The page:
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table update with or without indexes enabled?? 390/V7

P: n/a
my colleagues are convinced that having more than an index or
two destroys performance on their batch runs. could be. i don't
have the data, and i'm wondering whether there might be some
publicly available. haven't found such.

we have a new requirement, which goes about like this.

single table access. in the jsp part, the users get to choose how
they want the data sorted. it's a 6 column access, and they get to
choose which column comes first, at query time. this argues for 6
indexes, with each column successively in position 1 of a compound
index, remaining columns in a fixed order.

so the question: is there either analytical or empirical evidence for
where the turnover point is between leaving the indexes in place for
the batch runs, and taking the performance hit on index maintenance
(index columns not likely to change, just insert penalty), as
opposed to disabling during the batch run, then re-enabling after the
run??

factors i assume relevant: number of indexes, number of columns/index,
number of rows inserted/changed, percent of table rows inserted/changed

i know, only really testing with our data, etc. but these guys don't
like to do that sort of thing.

thanks,
robert
Nov 12 '05 #1
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4 Replies


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"robert" <gn*****@rcn.com> wrote in message
news:da**************************@posting.google.c om...
my colleagues are convinced that having more than an index or
two destroys performance on their batch runs. could be. i don't
have the data, and i'm wondering whether there might be some
publicly available. haven't found such.

we have a new requirement, which goes about like this.

single table access. in the jsp part, the users get to choose how
they want the data sorted. it's a 6 column access, and they get to
choose which column comes first, at query time. this argues for 6
indexes, with each column successively in position 1 of a compound
index, remaining columns in a fixed order.

so the question: is there either analytical or empirical evidence for
where the turnover point is between leaving the indexes in place for
the batch runs, and taking the performance hit on index maintenance
(index columns not likely to change, just insert penalty), as
opposed to disabling during the batch run, then re-enabling after the
run??


Experimentation on your actual environment is best, since the turnover point
depends on your hardware, the schema, and the queries that users are running
(to get sorted order) and/or the queries run by the batch run.

Dropping and recreating the indexes before/after every batch run is not a
good idea -- as your tables get larger, the time and resources required to
rebuild the indexes will grow and eventually you'll reach the situation
where you need to start rebuilding the indexes as soon as you drop them.

Generally, though, for any performance-sensitive table, minimizing the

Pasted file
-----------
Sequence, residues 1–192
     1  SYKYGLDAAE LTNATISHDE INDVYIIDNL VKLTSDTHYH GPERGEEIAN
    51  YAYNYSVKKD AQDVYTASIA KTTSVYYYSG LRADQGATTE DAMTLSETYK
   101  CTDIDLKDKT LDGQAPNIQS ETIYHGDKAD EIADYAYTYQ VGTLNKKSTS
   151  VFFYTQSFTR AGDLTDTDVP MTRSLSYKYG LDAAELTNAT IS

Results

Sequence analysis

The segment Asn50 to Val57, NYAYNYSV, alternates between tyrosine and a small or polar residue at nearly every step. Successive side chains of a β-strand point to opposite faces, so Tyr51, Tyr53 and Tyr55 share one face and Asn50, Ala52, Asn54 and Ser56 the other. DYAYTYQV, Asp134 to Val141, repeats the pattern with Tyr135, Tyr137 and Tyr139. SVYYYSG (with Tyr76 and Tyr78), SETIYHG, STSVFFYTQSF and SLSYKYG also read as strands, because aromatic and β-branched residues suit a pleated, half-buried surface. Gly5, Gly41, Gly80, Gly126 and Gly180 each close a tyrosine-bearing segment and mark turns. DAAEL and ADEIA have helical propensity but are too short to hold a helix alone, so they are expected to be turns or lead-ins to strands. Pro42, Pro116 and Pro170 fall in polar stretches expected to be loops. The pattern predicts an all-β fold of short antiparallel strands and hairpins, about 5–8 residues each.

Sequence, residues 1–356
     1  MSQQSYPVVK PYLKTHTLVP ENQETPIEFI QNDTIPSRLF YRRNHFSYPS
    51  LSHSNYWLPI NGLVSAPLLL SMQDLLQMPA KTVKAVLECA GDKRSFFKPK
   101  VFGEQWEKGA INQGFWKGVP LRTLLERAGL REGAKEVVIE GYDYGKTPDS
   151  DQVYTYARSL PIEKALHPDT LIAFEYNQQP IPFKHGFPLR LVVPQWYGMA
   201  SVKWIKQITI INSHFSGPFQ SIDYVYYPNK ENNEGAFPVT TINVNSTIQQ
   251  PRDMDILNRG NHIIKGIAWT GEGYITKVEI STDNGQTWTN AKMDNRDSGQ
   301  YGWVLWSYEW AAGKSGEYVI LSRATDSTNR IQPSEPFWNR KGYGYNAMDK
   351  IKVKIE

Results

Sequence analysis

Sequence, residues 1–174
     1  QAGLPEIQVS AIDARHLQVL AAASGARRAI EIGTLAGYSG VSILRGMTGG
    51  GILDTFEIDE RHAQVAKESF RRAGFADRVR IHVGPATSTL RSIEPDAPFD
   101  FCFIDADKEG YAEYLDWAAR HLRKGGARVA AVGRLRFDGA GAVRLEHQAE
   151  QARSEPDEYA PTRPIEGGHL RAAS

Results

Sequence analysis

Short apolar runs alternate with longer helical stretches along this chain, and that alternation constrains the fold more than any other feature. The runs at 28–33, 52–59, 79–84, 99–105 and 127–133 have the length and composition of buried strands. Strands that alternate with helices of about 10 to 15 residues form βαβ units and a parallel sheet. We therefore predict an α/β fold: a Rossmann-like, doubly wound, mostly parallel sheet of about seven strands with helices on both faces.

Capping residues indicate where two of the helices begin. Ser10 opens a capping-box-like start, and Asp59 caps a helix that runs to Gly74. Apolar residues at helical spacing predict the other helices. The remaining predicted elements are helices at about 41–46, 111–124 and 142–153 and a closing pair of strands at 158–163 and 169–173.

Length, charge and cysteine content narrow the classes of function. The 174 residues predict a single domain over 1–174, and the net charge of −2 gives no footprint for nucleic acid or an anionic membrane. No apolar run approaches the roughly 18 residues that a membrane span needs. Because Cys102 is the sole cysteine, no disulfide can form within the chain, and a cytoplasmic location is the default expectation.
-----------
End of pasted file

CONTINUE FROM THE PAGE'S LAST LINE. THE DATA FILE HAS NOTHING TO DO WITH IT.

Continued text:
number of indexes is the proper course of action.

For the users running queries, all you need to do is alter the "order by"
clause on their query to sort by their desired column. Yes, this will cause
a sort to occur (instead of using the appropriate index to retrieve the rows
in sorted order), but you're only going to sort the result set (which
hopefully is a small subset of the entire table), and this will have a much
smaller performance effect as opposed to maintaining 6 indexes on a table.

--
Matt Emmerton
Nov 12 '05 #2

P: n/a
You haven't mentioned how the data is being filtered by the where
clause.
Its nearly impossible to make general statements about indexes without
knowing the specific design, data volumes and access pattern. However,
more often than not, an index on the filtered-columns would be more
important than an index on the sort columns.

Nov 12 '05 #3

P: n/a
"Darius" <da**********@gmail.com> wrote in message news:<11**********************@c13g2000cwb.googleg roups.com>...
You haven't mentioned how the data is being filtered by the where
clause.
Its nearly impossible to make general statements about indexes without
knowing the specific design, data volumes and access pattern. However,
more often than not, an index on the filtered-columns would be more
important than an index on the sort columns.


same set of columns. what it boils down to is whether the engine is
more efficient doing a partial re-build after the updates, than it
is in maintaining the indexes during inserts. in theory, i suppose,
one could imagine that the mass index update could be more efficient
than doing it one at a time. so total time the database is unavailable to
terminal users is less doing the batch in two parts.
Nov 12 '05 #4

P: n/a
Robert,

My post didn't make it clear, but what I was questioning was whether
you needed the 6 indexes in the first place. For instance, do you know
if the use of the index is really avoiding the sort. If so, do you know
if it is really faster than letting the sort take place as a separate
step? What is the typical numbr of rows returned?

Nov 12 '05 #5

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